I recently had a heated discussion with a friend, let’s call him X. X was talking about his love life in which many women were involved. At one point in the conversation he said something to which I responded, “that’s misogynistic.” I don’t remember exactly what his response was, but it led me to ask him whether or not he’d be willing to read some articles on feminism if I sent them to his way.
In response, he scrunched up his nose. “Hell no; I’m no feminist.”
It surprises me that today some people, many people, STILL don’t know what feminism means. I told him that feminism was just the belief that women should have the same rights as men, that they should be treated equally. Didn’t he believe in that?
He said he did. But he wasn’t a feminist. Feminists were people who believed they were superior to men. They were the angry man-hating women on television. He continued on saying that there was no need for feminism. Women have it good!
So I brought up the statistics. What about the fact that the average woman earns less than the average man? Didn’t he see the inequality there? Nope. He didn’t buy the statistic. The statistics were flawed.
Okay. What about rape culture? He didn’t even know what that was. So I explained it to him; blaming the victim for the rape, or this whole ‘no means yes’ philosophy that some university fraternities have been going on about.
“Yeah, that’s stupid. But it’s just a few idiots,” he said.
It’s not just a few idiots. But he still didn’t buy it. So I moved on.
What about sexual harassment? Shouldn’t we all be able to walk down the streets feeling safe and not having to worry about being harassed along the way? He didn’t believe that was an issue. Even when I brought up my own examples of being harassed, he didn’t believe me. It’s easy to delude yourself into thinking there are no problems when you ignore or deny every evidence to the contrary.
To his arguments, I asked him where he got his information. Have you ever taken a women’s rights class? A class on feminism? Have you ever read any articles on gender inequality? Any studies? The answer to all of those questions was “no.”
At one point he snapped. “I don’t care about this stuff. It’s not for me to do anything. If you want to change the world, go ahead and try. But these are women’s issue. Not mine. Why should I care?”
At this point, I lost it. “Why should you care? For me. For your other female friends. For your mother. For the daughter that you may one day have.” I lost my temper; I called him ignorant and completely uneducated on the subject. I do regret losing my temper, if I had been calmer, I would have done a better job of getting my point across. Live and learn.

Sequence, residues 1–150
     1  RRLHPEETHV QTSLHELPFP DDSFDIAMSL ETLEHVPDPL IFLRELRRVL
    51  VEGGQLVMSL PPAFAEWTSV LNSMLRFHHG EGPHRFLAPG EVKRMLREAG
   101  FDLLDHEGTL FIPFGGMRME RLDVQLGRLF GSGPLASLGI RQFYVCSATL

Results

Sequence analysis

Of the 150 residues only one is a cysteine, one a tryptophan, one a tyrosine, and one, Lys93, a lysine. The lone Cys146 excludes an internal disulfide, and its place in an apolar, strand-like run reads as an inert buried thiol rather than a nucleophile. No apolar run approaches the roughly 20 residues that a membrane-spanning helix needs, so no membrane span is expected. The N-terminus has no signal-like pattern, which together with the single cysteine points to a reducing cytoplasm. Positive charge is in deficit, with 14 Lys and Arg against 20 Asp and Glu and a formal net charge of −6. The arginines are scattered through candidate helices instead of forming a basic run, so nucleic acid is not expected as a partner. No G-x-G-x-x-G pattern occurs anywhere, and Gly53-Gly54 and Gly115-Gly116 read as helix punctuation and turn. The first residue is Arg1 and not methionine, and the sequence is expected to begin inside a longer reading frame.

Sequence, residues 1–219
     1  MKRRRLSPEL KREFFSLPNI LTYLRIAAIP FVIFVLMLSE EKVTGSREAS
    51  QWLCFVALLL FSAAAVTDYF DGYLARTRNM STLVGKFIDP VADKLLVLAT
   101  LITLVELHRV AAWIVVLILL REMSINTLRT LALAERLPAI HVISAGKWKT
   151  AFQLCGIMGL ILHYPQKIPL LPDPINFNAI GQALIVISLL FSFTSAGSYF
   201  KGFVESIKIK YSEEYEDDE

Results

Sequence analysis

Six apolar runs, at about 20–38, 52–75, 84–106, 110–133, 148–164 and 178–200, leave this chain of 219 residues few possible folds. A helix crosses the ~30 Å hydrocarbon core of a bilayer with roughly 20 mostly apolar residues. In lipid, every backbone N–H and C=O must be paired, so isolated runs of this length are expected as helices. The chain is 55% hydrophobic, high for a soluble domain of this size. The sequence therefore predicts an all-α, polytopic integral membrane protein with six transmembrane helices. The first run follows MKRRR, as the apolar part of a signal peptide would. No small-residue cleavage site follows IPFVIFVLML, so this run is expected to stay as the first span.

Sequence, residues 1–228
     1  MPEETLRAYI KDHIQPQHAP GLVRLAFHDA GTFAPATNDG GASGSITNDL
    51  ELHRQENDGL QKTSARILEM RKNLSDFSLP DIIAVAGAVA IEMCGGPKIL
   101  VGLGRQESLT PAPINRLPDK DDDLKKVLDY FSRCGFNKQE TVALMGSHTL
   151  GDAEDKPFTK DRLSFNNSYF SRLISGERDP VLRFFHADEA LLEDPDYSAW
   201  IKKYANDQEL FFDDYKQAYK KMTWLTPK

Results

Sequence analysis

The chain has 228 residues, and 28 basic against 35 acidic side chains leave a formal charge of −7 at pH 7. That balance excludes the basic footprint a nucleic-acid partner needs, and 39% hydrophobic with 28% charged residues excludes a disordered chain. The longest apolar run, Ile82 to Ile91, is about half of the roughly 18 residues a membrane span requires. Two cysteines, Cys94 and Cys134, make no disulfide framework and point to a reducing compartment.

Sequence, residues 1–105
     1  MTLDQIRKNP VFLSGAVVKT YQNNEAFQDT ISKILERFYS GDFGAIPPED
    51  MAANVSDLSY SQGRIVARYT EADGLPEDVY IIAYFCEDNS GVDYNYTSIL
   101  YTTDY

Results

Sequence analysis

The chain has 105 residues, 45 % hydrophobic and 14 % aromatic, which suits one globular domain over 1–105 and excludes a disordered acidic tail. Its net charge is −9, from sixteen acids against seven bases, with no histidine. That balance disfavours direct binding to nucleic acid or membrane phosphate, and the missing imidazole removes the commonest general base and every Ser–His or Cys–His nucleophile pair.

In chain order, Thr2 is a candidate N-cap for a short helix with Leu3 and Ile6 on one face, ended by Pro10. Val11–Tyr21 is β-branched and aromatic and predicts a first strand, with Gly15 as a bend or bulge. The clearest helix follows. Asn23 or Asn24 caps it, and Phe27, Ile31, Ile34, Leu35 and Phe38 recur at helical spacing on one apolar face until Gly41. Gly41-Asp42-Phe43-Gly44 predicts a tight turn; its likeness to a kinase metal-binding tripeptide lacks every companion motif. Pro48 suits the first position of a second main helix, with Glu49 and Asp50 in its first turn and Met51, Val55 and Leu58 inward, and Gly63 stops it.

His is a dangerous way to think. This whole “it doesn’t concern me, so I don’t care” is no way to watch the world go round. As Irish author and orator Edmund Burke once said “All that is necessary for the triumph of evil is that good men do nothing.” Emma Watson brought up this very same principal during her beautiful speech on feminism at the UN. I asked him if he had heard that speech. Of course, he hadn’t.
It’s also dangerous to believe that the only reality is the one you see. It’s not because he allegedly has never witnessed an act of sexism that these moments don’t exist. The world isn’t limited to what goes on around a single person.
The worst part about this whole conversation was that it took place in front of some his family members, including four teenage boys who really look up to him. I knew that they were hanging onto his every word. Great. Now, would they ever care about gender equality? At the moment, definitely not. Their role model had just ridiculed the whole thing.
X isn’t the only person who thinks this way. Too many people have the same opinion he does. They fail to see the injustices in society, and because they fail to see them, they assume they don’t exist.
I sent a text to X the next day, apologizing for being rude to him, but not apologizing for my stance on feminism. He apologized too, claiming that he actually agreed with me on most of my points, but he simply didn’t like the term “feminist.”
The true definition of feminism is one to share and spread. It’s not a dirty word, and X is definitely not the only person who believes that it is. So how are we going to change the world’s mind on the topic? By educating people, by writing articles about what’s important to us, and by sharing wisdom over coffee with friends. Feminism isn’t a dirty word, it’s empowerment.
Hoda Agharazi is a full-time daydreamer, part-time writer, aspiring actress and wannabe photographer. She enjoys watching reruns of her favorite TV shows, and hopes to one day write and star in her own TV sitcom. She might also have a slight obsession with Robert Downey Jr.
[Image via ShutterStock]